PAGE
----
• May 22, 2017
Mr Hager encouraged journalism students to pursue feature writing and researching social issues. Photo: Grace Dobson Phillips
Author and investigative journalist Nicky Hager says collaborations between journalists and news organisations is the future of reporting.
Renowned for his reporting on controversial issues and detailed research methods, Mr Hager has been uncovering major social issues for more than 20 years.
He spoke to a group of AUT student journalists last week about investigating stories and overcoming obstacles in his profession.
“I’m a big believer in the growing idea that collaborating [with other news organisations] is much better than competing,” said Mr Hager.
In March this year, Mr Hager released his seventh book, Hit & Run: The New Zealand SAS in Afghanistan and the Meaning of Honour, with fellow journalist Jon Stephenson.
Both journalists were investigating the same story, “so we agreed to work on it together, and we could really multiply what we could achieve”, said Mr Hager.
“I could talk to the sources I found, and then write up lists of questions for Jon to ask his sources about in Afghanistan.”
The book investigates and uncovers the hidden truth about civilian deaths in Afghanistan, which the authors said were covered up by the New Zealand military.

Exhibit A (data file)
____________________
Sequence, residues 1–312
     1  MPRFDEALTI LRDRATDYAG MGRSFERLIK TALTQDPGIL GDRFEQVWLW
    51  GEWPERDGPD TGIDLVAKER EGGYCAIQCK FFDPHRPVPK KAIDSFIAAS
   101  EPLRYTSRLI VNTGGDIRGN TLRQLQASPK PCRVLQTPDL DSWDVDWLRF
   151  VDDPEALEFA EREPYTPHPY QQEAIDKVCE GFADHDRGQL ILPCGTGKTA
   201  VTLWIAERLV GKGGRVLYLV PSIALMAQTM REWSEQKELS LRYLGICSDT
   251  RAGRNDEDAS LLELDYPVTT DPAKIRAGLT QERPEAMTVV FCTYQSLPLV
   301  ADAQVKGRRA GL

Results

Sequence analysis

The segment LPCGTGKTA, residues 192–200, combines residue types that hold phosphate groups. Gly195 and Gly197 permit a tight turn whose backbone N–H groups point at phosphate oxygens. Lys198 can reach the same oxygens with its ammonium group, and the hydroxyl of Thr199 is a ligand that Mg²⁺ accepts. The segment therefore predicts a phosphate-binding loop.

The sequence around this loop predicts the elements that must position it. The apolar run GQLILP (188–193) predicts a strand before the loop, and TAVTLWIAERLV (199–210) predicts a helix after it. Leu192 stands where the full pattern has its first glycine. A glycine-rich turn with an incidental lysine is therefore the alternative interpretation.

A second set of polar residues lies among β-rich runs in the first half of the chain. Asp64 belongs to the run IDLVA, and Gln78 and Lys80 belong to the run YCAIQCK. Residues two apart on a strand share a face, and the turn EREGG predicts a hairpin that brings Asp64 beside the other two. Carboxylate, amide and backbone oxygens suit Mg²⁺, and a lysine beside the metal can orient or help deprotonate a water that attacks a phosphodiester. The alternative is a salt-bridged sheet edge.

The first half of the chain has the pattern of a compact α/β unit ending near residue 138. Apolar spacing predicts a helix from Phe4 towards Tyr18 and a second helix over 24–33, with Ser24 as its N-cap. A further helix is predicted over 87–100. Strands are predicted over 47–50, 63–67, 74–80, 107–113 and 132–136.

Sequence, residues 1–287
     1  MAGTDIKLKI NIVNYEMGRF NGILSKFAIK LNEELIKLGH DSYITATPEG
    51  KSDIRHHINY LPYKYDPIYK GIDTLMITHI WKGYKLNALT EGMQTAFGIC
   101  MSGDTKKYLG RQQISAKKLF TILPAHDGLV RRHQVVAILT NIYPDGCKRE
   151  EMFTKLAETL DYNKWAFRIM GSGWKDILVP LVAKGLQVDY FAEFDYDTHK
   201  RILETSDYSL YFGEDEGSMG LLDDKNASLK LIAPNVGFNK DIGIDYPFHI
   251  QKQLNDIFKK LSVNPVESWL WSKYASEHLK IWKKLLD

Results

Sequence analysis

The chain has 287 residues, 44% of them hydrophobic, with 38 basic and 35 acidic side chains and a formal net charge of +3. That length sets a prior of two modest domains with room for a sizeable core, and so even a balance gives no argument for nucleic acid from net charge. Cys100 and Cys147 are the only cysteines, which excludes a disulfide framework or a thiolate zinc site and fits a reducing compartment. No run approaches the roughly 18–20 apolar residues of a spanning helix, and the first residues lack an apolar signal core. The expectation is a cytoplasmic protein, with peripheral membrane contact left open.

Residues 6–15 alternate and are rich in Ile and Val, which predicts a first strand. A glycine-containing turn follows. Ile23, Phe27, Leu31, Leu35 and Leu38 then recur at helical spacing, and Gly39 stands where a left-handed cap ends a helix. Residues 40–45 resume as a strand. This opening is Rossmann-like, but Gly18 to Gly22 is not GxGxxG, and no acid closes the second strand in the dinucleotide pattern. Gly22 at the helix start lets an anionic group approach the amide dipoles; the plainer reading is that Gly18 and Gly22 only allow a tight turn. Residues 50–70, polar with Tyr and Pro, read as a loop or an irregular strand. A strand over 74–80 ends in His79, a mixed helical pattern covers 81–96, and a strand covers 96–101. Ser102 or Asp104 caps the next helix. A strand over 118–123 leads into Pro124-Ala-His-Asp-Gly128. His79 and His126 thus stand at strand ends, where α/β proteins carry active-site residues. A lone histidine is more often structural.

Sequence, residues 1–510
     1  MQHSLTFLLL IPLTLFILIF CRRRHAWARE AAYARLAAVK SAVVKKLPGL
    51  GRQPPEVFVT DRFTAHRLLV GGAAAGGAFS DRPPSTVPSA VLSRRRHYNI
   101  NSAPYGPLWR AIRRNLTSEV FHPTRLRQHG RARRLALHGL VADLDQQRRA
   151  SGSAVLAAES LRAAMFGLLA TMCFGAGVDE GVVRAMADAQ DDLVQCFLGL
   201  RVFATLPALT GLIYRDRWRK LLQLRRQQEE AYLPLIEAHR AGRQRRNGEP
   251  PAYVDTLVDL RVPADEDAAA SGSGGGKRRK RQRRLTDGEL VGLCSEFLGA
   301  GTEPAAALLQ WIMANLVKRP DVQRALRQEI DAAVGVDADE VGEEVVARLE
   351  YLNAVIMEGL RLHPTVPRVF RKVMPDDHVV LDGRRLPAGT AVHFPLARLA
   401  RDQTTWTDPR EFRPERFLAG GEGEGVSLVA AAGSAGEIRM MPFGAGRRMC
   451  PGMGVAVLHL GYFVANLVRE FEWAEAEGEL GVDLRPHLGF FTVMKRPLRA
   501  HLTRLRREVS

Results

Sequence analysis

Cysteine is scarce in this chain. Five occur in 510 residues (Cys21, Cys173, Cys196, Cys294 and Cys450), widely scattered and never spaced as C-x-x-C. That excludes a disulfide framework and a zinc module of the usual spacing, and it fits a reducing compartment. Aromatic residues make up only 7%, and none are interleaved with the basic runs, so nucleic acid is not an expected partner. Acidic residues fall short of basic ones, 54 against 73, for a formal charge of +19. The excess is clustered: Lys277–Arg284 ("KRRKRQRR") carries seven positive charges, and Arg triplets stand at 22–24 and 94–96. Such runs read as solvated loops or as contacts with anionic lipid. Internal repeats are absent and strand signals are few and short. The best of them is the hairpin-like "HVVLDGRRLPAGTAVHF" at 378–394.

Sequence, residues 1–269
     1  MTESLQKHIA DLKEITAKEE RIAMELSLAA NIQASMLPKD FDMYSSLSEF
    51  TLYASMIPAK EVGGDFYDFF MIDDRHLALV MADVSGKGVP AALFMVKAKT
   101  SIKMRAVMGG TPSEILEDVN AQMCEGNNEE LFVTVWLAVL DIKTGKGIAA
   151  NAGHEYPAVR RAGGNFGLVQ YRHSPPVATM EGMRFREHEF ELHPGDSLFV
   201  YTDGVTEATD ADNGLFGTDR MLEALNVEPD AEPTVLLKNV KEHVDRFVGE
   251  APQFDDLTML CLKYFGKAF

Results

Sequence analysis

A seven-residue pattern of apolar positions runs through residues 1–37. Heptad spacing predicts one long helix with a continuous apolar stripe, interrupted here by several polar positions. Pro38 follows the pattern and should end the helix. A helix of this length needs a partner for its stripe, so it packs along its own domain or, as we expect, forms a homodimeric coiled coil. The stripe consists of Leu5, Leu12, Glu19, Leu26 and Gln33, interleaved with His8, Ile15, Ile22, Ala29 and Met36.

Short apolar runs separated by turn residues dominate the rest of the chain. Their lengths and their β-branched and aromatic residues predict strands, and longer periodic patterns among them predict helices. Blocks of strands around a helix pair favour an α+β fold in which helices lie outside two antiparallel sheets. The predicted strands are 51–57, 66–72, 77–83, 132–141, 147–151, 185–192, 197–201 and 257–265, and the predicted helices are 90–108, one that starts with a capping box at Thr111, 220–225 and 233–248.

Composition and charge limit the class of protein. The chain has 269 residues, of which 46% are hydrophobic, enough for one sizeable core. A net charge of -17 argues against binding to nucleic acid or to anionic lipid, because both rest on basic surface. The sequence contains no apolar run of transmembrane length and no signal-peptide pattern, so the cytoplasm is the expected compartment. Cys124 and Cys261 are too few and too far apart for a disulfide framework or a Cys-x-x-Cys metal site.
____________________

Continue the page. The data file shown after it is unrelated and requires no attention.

Building connections with sources and maintaining them was the most important part of the job, said Mr Hager.
“If I want new sources I say to myself ‘I have to get out of the house’ and meet people.”
Nicky Hager (left) and AUT journalism student Katie Doyle. Photo: Grace Dobson Phillips
But the most important part of Mr Hager’s life was not his career but rather, spending time with his daughter. “It’s saved my life I think actually,” he said.
“The main thing that has helped me de-stress in my adult life has been being a parent, you have to turn off and listen and play.”
Mr Hager’s main advice for aspiring journalists is to track people down, get on with it and be innovative.